‘I didn’t want to talk about my shoulder problem (before the Games). It’s an excuse and I didn’t want that. My focus was on swimming as fast as I could and I didn’t want to have that distraction. I still fought for every 10th of a second in every race.’

Halsall, though, is already a veteran of two Olympic Games, despite being only 22 years old.

She is determined not to make the same mistakes third time around.

‘I’m not too old just yet,’ she says. ‘I’m looking forward to Rio in four years’ time.’

Fran Halsall uses Multipower Sportsfood: www.multipower.co.uk

What they said

It's little wonder David Weir described the New Year Honours list as ‘a bit strange’ after Sarah Storey became a Dame but Weir, who also won four Paralympic gold medals in London, was given a CBE.

‘Sometimes it seems that Paralympians have to win lots and lots of medals to get a damehood or a knighthood,’ Weir told the Daily Telegraph.

Here's what I've been doing this week

Chugged around the country for the feast of festive football. Clubs might whinge about fixture congestion, but I love the tradition of it all. It works in other sports, too: just look at the record 82,000 people at Twickenham for Saracens’ win against Harlequins on Saturday.

Watched Superstars and revelled in the sheer naffness and rain-sodden Britishness of it all. I can cope with only having shooter Peter Wilson on my television screen every four years, but I enjoyed Mo Farah’s attempts at kayaking, the Brownlee brothers’ rivalry and being proved wrong by Helen Glover’s prowess on the track. And there was I thinking rowers are not always the most co-ordinated of athletes on dry land.

Back on our screens: Olympians took part in the BBC show Superstars

Back on our screens: Olympians took part in the BBC show Superstars

According to Fulham’s programme for their 1-1 draw with Southampton, I ‘swooned’ when I wrote about Dimitar Berbatov’s ‘style and swagger’ in his side’s 2-1 victory against Newcastle this month. That made me laugh, but not as much as the striker’s handwritten ‘Keep Calm and Pass Me the Ball’ T-shirt, which suggested Berbatov is not averse to ‘swooning’ about himself, either.

Performance of the week

Aston Villa boss Paul Lambert continues to predict that ‘Aston Villa will be fine’ despite his side suffering a 15-0 deficit over the festive period. That’s some crystal ball he got for Christmas.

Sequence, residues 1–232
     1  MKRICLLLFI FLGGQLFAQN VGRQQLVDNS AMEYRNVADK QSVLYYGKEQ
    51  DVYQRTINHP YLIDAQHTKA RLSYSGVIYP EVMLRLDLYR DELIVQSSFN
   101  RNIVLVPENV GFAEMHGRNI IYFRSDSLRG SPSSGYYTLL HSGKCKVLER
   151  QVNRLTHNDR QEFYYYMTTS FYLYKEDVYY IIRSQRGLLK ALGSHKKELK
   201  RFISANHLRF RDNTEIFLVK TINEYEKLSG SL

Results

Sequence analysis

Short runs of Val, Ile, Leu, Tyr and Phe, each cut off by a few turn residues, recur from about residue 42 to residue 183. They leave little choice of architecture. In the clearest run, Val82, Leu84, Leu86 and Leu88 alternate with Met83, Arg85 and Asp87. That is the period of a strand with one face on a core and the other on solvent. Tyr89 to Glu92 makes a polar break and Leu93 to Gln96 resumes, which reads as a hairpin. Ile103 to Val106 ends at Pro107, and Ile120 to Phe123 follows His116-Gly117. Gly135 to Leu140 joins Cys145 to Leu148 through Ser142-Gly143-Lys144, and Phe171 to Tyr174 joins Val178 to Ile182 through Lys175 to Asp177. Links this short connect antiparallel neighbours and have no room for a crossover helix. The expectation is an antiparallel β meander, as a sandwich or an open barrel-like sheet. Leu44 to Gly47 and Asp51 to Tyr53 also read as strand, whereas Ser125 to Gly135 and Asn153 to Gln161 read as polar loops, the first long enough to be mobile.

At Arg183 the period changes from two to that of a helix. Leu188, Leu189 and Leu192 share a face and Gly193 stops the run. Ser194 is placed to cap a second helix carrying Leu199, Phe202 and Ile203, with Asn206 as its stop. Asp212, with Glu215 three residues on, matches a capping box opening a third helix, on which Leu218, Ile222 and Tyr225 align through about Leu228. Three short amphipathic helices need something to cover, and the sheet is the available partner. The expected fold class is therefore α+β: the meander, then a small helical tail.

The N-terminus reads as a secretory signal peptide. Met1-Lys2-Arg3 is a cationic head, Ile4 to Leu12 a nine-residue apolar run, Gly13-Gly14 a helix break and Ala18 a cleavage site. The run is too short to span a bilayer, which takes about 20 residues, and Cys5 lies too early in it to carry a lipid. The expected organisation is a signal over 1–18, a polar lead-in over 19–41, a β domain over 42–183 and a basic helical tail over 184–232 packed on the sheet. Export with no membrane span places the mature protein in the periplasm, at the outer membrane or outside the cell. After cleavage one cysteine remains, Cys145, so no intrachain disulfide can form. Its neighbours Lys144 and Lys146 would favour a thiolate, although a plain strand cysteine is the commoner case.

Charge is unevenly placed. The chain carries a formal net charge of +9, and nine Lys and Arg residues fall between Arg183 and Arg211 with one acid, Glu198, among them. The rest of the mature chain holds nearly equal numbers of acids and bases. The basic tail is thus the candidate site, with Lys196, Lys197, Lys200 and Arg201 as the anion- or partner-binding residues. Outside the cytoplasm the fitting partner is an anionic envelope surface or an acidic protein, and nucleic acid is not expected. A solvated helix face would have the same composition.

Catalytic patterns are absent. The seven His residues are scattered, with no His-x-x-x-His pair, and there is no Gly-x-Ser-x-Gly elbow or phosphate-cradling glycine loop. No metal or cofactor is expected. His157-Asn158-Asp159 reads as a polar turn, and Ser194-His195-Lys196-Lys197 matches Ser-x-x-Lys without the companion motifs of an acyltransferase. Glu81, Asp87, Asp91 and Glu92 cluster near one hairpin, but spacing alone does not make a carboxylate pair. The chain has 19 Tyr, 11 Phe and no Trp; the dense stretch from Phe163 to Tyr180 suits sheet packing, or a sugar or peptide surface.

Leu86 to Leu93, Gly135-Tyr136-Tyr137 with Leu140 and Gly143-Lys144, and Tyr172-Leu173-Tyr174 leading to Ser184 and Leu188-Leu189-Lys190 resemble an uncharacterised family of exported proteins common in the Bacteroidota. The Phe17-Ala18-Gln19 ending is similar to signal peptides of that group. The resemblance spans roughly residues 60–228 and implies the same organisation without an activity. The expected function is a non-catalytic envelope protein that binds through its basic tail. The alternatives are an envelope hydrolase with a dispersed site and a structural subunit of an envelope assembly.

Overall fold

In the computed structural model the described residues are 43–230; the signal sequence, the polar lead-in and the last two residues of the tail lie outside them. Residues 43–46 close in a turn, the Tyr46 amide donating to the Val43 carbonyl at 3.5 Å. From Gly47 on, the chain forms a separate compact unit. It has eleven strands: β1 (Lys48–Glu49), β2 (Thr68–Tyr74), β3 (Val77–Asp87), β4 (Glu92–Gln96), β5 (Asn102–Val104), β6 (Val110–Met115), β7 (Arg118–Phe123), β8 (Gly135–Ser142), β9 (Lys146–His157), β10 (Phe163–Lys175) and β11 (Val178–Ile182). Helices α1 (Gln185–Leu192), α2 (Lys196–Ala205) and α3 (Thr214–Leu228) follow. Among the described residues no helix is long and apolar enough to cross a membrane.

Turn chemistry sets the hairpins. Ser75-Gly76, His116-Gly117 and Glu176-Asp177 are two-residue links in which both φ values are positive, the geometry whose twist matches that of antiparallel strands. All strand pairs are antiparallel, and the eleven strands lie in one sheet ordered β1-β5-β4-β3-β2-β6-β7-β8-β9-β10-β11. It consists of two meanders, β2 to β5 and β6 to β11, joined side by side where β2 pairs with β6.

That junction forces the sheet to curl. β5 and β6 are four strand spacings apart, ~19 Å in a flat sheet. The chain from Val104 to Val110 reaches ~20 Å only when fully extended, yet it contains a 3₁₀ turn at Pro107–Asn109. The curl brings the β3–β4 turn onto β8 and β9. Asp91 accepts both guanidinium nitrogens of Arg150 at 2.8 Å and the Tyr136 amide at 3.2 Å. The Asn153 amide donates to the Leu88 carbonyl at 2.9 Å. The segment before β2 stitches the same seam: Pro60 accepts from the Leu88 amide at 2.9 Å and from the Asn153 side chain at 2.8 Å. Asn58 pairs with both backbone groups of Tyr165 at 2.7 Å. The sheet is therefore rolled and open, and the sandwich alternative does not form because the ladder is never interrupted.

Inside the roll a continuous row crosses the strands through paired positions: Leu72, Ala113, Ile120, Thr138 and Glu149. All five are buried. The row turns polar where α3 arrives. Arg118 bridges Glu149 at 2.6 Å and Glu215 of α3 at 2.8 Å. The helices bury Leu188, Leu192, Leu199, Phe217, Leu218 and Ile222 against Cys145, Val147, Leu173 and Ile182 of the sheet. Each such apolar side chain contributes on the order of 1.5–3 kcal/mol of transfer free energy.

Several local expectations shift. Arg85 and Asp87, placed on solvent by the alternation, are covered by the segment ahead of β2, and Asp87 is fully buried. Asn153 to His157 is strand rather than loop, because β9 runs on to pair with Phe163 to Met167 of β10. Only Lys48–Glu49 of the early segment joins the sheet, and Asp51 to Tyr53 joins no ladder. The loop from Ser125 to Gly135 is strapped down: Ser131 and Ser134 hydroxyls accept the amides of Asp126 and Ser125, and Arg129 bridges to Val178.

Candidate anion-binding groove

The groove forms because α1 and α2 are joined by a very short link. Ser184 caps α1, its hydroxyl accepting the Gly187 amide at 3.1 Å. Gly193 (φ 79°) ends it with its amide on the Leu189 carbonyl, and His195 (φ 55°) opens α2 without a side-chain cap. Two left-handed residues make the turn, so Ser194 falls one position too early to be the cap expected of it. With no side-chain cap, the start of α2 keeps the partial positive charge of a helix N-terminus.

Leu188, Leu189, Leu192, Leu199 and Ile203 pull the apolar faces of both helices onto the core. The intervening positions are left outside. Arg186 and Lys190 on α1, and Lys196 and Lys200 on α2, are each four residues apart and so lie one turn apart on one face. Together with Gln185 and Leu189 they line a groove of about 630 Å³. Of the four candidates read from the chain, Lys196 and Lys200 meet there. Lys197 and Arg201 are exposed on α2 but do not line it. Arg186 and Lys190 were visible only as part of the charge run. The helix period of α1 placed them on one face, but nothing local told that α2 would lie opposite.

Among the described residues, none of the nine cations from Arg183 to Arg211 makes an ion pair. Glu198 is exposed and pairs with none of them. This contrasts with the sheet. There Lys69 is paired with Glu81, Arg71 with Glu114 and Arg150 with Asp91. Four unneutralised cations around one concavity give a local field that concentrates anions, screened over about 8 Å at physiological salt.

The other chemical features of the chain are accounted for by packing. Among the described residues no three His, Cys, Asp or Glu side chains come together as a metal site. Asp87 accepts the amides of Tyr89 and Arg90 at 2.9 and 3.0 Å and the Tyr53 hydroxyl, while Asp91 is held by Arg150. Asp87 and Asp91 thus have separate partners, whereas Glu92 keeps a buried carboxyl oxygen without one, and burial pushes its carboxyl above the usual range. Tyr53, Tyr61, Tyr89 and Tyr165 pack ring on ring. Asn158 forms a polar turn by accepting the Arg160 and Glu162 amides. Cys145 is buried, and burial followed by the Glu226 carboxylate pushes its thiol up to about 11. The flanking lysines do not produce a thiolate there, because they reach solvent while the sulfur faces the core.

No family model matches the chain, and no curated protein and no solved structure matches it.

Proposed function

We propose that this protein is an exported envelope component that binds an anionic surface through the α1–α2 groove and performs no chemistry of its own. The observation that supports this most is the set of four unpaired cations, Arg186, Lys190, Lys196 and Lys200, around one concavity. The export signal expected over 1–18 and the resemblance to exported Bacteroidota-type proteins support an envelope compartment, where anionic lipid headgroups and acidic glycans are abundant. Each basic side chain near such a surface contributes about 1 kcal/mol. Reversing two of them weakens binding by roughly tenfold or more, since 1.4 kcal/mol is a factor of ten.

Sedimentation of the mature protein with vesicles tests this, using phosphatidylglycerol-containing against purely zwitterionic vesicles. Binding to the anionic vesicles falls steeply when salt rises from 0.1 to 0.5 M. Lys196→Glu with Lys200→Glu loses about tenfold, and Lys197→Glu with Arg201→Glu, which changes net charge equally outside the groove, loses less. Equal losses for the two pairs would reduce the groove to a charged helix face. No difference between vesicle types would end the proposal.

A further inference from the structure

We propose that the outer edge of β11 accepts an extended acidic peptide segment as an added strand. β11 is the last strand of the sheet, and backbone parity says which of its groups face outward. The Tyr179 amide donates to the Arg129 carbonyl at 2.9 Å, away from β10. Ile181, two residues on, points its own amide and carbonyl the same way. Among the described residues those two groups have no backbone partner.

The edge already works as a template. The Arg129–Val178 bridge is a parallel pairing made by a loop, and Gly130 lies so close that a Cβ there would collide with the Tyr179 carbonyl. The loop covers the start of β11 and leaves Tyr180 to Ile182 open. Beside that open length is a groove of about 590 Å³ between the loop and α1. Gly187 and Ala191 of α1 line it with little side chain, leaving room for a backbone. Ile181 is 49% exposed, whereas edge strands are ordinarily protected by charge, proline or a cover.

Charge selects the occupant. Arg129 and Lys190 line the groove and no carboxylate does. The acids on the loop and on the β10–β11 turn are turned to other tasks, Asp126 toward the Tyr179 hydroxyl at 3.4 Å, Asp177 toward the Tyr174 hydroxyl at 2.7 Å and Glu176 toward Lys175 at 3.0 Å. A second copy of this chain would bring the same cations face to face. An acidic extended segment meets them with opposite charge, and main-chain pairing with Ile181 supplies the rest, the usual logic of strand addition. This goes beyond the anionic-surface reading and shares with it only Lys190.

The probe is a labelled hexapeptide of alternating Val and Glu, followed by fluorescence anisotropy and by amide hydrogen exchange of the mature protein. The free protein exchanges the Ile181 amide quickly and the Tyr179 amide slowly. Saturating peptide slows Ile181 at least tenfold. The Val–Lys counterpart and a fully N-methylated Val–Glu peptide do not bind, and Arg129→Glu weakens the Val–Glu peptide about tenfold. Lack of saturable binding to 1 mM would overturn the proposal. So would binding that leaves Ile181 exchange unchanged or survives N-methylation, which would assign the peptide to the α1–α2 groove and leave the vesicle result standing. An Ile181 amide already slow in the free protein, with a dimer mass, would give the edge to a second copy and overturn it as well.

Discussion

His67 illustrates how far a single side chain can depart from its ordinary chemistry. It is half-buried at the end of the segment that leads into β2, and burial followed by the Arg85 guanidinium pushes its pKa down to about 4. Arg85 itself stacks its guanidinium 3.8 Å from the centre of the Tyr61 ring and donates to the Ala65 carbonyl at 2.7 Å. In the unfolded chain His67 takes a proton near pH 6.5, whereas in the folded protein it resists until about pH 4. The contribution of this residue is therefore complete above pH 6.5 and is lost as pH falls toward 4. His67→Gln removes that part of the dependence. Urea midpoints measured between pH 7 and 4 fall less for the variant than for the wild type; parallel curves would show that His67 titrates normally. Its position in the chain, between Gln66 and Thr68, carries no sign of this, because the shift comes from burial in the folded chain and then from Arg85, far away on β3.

Roberto Mancini still searching for a "Plan B" as Manchester City slip up again on Wearside

Mancini still looking for 'Plan B' as Man City slip up again on Wearside

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UPDATED:

23:20 GMT, 26 December 2012

Manchester City's afternoon finished with Joleon Lescott at centre forward, Joe Hart pitching up for two added-time corners and City coach Brian Kidd on the touchline. All are signs of tension, and yesterday, not good signs.

As City pushed in vain for an equaliser, Kidd will have heard the comeback news from Old Trafford with familiar bewilderment. Everyone did. Then the final whistle blew and Roberto Mancini stood apart, literally, with a thousand-yard stare and a seven-point deficit. There had been no release.

Out of touch: Manchester City manager Roberto Mancini (right)

Out of touch: Manchester City manager Roberto Mancini (right)

City had lost again on Wearside. The champions of England have it all to do if their fans are to sing that line this time next year.

The 'champions' song had got an early airing at the Stadium of Light, along with an un-witty ditty about Robin van Persie.

But by five o'clock City fans bore silent witness to their first away defeat since April. The noise from United must have disturbed them as much as their team's frustration and while Mancini played down the significance of one day in a 38-game campaign, the halfway mark comparison with last season is revealing.

City are not just seven points off United, they are six points short of their own tally of a year ago. Then they arrived at Sunderland top of the table, with a first title in 44 years to chase but lost 1-0 to Ji Dong-won's 90th-minute goal.

Mixed message: Defender Joleon Lescott finished the game upfront

Mixed message: Defender Joleon Lescott finished the game upfront

An appealing contrast yesterday should have been that they had time to recover from Adam Johnson's 53rd-minute strike, which had so embarrassed Hart and led to him seeking late atonement.

But City couldn't level matters. They don't look like the rising force they were 12 months ago; they look like they are searching. Mancini blamed 'soft' attacking, a reference to Sergio Aguero's 70th-minute chance and an earlier one for David Silva, both saved by Simon Mignolet. Mancini's lack of panic was understandable. City flowed for the opening 20 minutes, Mignolet's importance to the home win tells a story and Aguero and Carlos Tevez showed a great understanding.

Yet before kick-off Kolo Toure had sounded concerns about City requiring a 'Plan B' when faced by opponents who sit deep. That followed Saturday's stoppage-time winner from Gareth Barry to beat Reading.

Adam family: Johnson returned to haunt his old club

Adam family: Johnson returned to haunt his old club

But Toure cannot have been talking about throwing on Lescott in the 89th minute as a regular viable alternative. Lescott replaced midfielder Javi Garcia, whose performance was neither energetic nor creative.

City must have both in places like this, but Yaya Toure displayed only flashes of his authority. Privately, he'd probably like some help.

But this wasn't all about City. The teamsheet sparked a legitimate debate as to which Sunderland players would get on the City bench, never mind the first XI. Johnson came from that bench. Yesterday he reminded City of his talent. Johnson's new manager, Martin O'Neill, did the same.